Photo: Guggenheim Museum, Frank Gehry (2000). Courtesy of Metropolis Books.
FROM THIS EPISODE
When game designer and philosopher Ian Bogost witnessed his young daughter making a game out of walking through the mall, he was inspired to question our approach to menial tasks. What if we could think of chores like sitting in traffic, grocery shopping, washing dishes the way we think of playing games -- as fun? DnA talks to Bogost about his book Play Anything: The Pleasure of Limits, the Uses of Boredom, and the Secret of Games. And we ask, are there some tasks that should not be treated like games, like campaigning for, and occupying, the presidency?
The logo for Ian Bogost's game, Cow Clicker
Bridges filled with skyscrapers, a geodesic dome over a baseball stadium, a subway system made of above-ground pneumatic tubes, and other crazy schemes were almost built in New York. You will find these in Never Built New York, the new book by Greg Goldin and Sam Lubell, who previously created a book and exhibition about the sometimes visionary, sometimes cockamamie schemes that for whatever reason never made it past the drawing board in Los Angeles. Lubell and Goldin talk about New York's missed opportunities and reveal what Los Angeles could learn from them.
Frank Lloyd Wright's plan for the decommissioned Ellis Island
Image Courtesy of American Weekly, July 30, 1961
More From Design and Architecture
Meet Gita and 'Dirty Girl' Joan Barton Can a robot get people walking again? Meet Gita, a cargo carrier on wheels created by the same company that designed the Vespa scooter. And "Dirty Girl Construction" founder Joan Barton shares her thoughts on building -- and triumphing -- in a man's world.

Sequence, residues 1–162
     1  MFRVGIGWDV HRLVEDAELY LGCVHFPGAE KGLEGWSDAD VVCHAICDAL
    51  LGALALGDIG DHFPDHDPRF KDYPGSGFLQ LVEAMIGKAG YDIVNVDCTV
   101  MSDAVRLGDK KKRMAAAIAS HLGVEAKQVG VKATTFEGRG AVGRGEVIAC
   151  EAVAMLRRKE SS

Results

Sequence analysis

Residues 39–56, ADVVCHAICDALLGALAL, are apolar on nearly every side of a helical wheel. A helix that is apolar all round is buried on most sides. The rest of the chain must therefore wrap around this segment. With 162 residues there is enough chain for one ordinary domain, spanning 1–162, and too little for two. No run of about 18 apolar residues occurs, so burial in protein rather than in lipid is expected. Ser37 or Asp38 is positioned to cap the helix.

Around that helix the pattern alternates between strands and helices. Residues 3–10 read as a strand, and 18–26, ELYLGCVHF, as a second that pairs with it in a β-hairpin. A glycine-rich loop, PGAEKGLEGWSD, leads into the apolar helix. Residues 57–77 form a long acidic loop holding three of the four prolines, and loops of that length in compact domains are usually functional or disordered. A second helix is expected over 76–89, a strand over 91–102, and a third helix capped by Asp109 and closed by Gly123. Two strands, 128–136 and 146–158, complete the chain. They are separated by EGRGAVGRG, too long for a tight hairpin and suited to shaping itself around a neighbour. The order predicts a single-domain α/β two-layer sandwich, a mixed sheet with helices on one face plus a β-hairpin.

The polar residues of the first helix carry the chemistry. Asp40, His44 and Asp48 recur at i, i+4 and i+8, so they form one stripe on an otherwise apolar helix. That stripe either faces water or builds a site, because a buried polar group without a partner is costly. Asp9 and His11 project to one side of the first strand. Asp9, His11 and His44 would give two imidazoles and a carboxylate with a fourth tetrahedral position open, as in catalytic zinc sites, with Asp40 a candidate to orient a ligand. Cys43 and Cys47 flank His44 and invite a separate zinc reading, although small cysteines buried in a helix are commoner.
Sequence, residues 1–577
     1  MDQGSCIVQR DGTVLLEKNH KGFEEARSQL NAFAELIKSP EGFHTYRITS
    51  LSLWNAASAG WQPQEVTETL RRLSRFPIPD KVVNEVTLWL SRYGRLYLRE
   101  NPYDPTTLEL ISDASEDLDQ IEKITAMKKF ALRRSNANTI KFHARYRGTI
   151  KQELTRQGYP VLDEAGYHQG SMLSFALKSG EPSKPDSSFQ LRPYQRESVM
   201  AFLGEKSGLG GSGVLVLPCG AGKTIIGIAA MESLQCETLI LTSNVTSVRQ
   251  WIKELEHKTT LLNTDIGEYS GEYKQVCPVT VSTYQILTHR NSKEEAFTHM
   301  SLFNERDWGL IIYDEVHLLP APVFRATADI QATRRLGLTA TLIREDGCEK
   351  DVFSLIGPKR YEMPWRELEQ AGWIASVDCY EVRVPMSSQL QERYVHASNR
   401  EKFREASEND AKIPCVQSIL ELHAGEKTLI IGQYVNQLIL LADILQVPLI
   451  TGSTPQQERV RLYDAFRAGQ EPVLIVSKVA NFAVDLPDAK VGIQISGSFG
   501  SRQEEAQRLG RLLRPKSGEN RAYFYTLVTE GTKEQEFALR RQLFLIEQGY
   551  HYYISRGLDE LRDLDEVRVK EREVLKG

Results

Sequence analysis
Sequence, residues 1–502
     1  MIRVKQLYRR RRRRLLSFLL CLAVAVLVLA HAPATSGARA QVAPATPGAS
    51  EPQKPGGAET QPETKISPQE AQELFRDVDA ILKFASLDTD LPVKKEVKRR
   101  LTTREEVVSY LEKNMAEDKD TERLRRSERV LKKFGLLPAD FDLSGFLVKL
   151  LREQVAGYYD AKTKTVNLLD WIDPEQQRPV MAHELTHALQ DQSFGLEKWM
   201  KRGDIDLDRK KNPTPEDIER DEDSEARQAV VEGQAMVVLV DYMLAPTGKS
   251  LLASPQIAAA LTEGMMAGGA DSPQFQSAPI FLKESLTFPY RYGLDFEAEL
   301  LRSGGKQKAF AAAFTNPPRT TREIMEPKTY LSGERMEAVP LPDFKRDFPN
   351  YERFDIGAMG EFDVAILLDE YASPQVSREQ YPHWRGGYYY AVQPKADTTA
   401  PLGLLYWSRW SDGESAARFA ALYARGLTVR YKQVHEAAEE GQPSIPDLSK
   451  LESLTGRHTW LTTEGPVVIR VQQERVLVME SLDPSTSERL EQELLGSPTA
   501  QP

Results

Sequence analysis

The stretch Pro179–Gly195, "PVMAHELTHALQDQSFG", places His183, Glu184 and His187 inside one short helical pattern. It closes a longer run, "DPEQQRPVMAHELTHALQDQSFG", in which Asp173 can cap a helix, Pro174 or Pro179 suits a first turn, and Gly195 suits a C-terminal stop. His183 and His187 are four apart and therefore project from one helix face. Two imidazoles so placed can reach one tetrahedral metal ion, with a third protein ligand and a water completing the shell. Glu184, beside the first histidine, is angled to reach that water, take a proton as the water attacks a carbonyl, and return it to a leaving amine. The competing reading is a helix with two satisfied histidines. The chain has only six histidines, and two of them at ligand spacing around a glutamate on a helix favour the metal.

Tunnels, planes, and art and architecture in the desert Los Angeles has tunnel vision. DnA tours the Downtown Regional Connector, as Elon Musk digs his own tunnel. United Airlines flies its last Boeing 747 flight. DnA meets nostalgic pilots and hears about what's coming next for airline passengers. Plus, Pacific Standard Time: LA/LA is not over. DnA takes a road trip to see three desert shows.
LA's historic Lincoln Heights Jail to be repurposed The five-story Lincoln Heights Jail opened in 1931 and has housed everyone from Al Capone to people arrested during the Zoot Suit Riots and the Watts Riots. It was finally decommissioned in 1965, but its long and sordid story is about to get a new chapter, with a planned redevelopment that will turn it into a bustling residential and commercial destination.
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